Alison Milbank has written that Christian novelists often seek to make the world strange, so that we can return to it, and wonder, and by our wonder be led to God. The miracles too help to make the world strange again. This is the absolute opposite of all that demythologising of miracles that went on last century. That tried to make the miracles un-strange by giving them natural explanations. Really – they might typically say – Jesus just knew where to cast the net to find the fish sleeping in one bid shoal. What really happened was that Jesus poured some strong tawny port into the water jars and the resulting liquid tasted a bit like wine. Let us not make the miracles un-strange. Rather, the miracles should make all of life the more strange, more wonderful, more miraculous.

So then, in summary, God the Word, who is the creator of marriage, and the divine bridegroom, come into perfect union with our own humanity. Christ reveals at the beginning of his ministry that the goal is a final marriage feast, the wedding banquet of the Lamb. His miracle is an image of the joy which is for God the beginning and the end of creation. Christ is revealed as the creator, any by his miracles he reveals the wonder of creation. Most especially, the miracles reveal God’s wonderful provision, which is no less wonderful for the fact that it is accomplished through nature.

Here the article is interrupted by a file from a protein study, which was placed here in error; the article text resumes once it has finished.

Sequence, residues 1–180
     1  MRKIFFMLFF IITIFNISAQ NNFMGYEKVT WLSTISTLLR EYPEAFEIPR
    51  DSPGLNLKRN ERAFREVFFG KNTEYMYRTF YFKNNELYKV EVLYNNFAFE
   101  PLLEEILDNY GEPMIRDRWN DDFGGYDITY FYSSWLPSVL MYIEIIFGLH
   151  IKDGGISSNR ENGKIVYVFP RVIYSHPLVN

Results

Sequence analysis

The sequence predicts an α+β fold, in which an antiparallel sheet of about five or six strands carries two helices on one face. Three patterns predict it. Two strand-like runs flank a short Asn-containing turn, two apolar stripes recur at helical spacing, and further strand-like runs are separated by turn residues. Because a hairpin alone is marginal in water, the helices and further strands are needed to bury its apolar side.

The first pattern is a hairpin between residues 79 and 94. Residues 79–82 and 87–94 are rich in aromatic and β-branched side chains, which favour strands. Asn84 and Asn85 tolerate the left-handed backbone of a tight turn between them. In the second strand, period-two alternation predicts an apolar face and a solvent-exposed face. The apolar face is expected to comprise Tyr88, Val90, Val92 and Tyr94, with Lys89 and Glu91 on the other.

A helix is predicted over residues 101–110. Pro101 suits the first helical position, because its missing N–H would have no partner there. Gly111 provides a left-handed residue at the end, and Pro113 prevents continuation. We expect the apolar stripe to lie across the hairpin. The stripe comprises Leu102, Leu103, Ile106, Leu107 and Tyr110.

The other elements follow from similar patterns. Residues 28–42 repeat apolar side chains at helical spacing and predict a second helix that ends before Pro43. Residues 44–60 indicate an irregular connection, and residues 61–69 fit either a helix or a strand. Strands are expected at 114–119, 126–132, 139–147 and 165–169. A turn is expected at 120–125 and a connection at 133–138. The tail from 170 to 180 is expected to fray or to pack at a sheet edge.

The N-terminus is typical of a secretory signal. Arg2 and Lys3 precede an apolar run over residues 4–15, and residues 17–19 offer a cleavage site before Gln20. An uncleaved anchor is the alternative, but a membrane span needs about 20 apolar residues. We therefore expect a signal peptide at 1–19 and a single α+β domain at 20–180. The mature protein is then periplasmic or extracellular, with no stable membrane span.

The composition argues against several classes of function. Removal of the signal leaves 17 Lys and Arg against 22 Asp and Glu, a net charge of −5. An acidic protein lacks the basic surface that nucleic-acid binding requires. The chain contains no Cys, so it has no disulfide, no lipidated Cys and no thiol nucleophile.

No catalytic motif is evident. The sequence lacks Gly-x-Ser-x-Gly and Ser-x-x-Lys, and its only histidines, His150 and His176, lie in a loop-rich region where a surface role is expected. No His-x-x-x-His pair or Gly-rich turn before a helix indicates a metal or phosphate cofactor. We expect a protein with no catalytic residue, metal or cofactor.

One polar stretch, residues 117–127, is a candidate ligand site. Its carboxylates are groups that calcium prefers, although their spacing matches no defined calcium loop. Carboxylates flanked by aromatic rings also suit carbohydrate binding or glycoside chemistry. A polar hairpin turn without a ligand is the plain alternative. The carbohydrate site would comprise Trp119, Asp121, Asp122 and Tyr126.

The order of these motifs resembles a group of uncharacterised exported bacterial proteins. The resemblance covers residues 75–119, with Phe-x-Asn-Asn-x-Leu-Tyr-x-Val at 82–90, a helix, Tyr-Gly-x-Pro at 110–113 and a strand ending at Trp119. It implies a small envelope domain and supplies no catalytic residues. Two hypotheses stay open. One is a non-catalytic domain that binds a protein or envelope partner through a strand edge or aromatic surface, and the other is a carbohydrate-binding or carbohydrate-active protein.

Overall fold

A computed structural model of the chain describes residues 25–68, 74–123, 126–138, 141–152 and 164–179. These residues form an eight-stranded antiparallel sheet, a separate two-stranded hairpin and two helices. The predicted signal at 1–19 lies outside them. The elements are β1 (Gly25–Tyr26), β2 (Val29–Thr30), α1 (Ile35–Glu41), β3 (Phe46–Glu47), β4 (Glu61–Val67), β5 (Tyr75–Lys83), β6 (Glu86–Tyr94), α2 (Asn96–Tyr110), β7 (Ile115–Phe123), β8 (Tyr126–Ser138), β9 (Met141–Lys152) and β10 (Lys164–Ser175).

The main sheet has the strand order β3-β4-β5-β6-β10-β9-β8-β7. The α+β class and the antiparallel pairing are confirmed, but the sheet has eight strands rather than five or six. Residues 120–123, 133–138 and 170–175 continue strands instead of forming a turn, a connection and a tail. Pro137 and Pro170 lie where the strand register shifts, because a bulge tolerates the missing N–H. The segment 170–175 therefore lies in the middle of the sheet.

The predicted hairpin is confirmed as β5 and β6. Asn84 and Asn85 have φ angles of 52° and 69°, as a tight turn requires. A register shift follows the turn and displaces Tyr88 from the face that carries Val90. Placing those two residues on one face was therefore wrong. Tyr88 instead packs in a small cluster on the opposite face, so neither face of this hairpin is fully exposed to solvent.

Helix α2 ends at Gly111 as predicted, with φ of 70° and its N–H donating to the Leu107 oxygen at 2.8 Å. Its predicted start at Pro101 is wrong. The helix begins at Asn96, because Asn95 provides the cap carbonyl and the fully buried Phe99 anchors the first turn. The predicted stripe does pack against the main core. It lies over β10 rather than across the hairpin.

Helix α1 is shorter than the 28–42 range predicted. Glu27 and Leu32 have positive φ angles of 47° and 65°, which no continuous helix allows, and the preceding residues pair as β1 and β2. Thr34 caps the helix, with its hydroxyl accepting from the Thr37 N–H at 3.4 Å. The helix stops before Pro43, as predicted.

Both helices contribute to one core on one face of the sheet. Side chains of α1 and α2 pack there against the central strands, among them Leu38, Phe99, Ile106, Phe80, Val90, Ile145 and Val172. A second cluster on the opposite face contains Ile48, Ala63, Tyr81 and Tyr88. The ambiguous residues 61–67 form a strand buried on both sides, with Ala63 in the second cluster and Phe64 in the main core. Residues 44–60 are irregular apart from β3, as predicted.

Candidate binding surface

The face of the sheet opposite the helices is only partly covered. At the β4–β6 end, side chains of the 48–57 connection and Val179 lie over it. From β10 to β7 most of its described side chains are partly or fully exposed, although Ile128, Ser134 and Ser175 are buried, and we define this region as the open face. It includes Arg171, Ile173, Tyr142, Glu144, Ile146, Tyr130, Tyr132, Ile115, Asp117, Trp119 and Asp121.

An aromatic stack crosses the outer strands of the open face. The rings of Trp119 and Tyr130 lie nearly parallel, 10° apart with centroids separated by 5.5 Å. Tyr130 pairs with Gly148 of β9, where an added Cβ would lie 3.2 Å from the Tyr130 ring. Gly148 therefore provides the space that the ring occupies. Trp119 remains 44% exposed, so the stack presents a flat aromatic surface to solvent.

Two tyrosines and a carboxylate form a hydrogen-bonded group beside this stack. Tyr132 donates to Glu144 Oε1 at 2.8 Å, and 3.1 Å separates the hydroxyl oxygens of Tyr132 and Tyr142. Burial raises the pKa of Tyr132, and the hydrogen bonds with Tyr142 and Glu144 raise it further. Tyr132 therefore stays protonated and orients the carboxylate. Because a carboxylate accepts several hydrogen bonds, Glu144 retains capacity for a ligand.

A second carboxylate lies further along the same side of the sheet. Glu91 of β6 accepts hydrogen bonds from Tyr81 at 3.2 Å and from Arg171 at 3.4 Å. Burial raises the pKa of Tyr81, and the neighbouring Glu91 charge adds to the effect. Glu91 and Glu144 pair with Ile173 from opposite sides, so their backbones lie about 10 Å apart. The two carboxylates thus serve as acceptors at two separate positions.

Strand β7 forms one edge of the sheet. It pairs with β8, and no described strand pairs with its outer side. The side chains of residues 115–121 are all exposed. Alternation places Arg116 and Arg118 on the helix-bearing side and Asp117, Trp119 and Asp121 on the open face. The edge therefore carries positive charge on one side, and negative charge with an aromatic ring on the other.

This is something that we could celebrate with a glass of wine over lunch. And then let us be amazed, let us be thankful to God, who has turned water to grape and grape to wine, so that our eating may be a symbol of the final feast and that there may be wine for this feast which we celebrate now – the Eucharist. The fathers made a great deal of the fact that there were six water pots, thinking that they represented the six ages of the world, with the final, sixth, age stretching from the time of John the Baptist until the end of the world. The Eucharist is the feast of the final age and of the age to come. And, truly, Christ has saved the best wine until last, until now: for the wine he gives us to drink is the wine of his own blood.